We’re more inclined to buy products after we read other people’s reviews about their experience with the product.

We trust products that are endorsed by celebrities because they’re famous and successful and their mere association with the product is enough of a reason for you to buy it.

We trust experts’ opinions because they have more expertise than us in their field.

Your product or service will become more attractive in the eyes of your visitors when you pair it with social proof.

There are several types of social proof:

  • testimonials from people that have used your product or service
  • logos of clients—especially if they are famous brands
  • logos of publications that published your work
  • positive ratings and reviews from social media (you can take screenshots and put them on your homepage)
  • credentials—certifications from recognized institutions in your industry, professional accomplishment in your field, etc.
  • user generated content—pictures of people using your product
  • Phrases like: more than x happy customers, more than x hours saved, more than x invoices processed

Think of ways to demonstrate how others have had a positive experience with your product/service.

Here are some examples to help spark your creativity:

 4. How it works / Next Steps section

The role of this section is to convey how easy it is to work with you, use your products, or buy your products if they choose to do that.

It removes their uncertainty and resistance fearing that it’s either time consuming, or a difficult process to sign up for your product or service.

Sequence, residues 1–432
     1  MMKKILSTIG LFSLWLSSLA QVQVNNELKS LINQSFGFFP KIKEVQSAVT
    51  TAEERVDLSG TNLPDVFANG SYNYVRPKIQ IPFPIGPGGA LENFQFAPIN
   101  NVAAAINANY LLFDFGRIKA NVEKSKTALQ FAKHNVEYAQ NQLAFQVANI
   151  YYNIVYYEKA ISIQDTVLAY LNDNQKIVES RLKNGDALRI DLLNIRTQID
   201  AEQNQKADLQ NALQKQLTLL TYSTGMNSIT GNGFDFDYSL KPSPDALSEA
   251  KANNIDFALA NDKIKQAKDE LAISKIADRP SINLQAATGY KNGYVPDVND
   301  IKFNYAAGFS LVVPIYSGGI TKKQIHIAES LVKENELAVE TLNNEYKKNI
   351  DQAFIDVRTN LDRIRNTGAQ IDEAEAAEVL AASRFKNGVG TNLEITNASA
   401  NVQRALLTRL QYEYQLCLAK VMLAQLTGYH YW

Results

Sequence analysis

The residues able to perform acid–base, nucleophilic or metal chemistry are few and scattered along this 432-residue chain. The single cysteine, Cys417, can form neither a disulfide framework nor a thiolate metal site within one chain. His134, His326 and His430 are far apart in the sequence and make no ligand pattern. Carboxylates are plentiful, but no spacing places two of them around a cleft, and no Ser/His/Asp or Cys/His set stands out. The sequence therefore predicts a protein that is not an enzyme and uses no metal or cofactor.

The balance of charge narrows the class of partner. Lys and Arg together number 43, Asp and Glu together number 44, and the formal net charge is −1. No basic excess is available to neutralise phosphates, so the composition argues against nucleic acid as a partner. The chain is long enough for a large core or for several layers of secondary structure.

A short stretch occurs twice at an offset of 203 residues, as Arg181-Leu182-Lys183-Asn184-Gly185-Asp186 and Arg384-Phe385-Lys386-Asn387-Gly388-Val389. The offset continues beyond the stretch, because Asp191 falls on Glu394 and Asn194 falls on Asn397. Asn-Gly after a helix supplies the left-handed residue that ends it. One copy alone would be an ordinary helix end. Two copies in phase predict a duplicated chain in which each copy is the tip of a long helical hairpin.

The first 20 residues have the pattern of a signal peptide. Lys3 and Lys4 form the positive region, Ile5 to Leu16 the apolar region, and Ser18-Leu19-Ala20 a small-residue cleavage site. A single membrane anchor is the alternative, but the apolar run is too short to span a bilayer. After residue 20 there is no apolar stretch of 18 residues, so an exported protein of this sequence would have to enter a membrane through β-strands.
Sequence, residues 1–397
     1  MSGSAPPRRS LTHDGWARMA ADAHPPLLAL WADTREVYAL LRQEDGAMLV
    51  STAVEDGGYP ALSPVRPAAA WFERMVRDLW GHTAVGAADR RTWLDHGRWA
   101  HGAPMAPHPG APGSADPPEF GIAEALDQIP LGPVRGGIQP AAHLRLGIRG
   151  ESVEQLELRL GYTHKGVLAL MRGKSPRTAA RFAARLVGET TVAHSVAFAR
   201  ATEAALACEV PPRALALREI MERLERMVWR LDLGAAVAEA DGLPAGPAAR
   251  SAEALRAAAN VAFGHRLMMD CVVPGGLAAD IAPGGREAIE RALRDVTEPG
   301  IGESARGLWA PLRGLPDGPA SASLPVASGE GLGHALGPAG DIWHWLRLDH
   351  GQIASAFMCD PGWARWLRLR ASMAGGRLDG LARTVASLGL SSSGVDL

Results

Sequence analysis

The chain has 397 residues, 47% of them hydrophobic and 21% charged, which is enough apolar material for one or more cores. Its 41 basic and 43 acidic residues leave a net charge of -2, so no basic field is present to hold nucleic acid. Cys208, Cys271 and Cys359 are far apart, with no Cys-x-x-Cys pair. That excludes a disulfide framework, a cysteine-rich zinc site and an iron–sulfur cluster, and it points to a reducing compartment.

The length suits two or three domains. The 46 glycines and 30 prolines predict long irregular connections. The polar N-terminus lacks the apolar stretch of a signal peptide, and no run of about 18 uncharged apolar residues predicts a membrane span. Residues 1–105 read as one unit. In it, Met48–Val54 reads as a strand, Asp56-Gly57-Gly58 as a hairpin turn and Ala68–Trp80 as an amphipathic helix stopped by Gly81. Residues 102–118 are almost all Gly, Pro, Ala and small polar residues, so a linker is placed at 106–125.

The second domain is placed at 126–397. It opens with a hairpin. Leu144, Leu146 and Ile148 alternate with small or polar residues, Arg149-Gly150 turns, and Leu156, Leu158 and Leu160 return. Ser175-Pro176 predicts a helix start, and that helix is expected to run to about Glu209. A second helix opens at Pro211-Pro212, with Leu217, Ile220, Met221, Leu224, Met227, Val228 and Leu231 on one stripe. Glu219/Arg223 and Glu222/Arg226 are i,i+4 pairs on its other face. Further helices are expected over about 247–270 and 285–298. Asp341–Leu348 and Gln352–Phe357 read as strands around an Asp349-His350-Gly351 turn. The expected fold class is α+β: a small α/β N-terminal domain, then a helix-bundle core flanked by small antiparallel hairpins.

The best way to showcase this is by providing them with 3 easy steps that they need to take to start using your product or service.

Or if you have a simpler process it could just be one step.

Let’s go through some examples:

5. The lead magnet

Most people won’t convert on their first interaction with your website, so you need to give them something of value in exchange for their email address.

This way you can start nurturing your leads by sending them useful emails and start building a relationship with them until they’re ready to buy.

A lead magnet is usually displayed as a panel or pop-up with a form and a call to action button to download the freebie.

Alternatively, you can use a pop-up to ask them to subscribe to your newsletter.

I think that offering a valuable resource is way more powerful than asking them to subscribe to your newsletter, though.

Here are some examples of lead magnets:

We covered a lot, but before I leave, I want to summarize for you the most important 5 elements you should include on your homepage in order to maximize its engagement and get more sales:

  1. A clear and concise header that doesn’t need more than 3 seconds to convince your visitors that you’re the answer to their problems.
  2. A products/services section where you showcase the features and benefits of your solution and answer their most frequently asked questions.
  3. A social proof area to instill trust in your product or service.
  4. Demonstrate how easy it is for them to work with you by giving them 3 easy steps to take action.
  5. Offer your visitors something of value in exchange for their email address so that you can nurture them until they’re ready to buy.

I urge you to go and implement this layout on your homepage and watch out for any patas monkeys out there! 😊

Share your thoughts about this type of homepage structure in the comments below.

What are some ways of organizing your homepage that worked for you?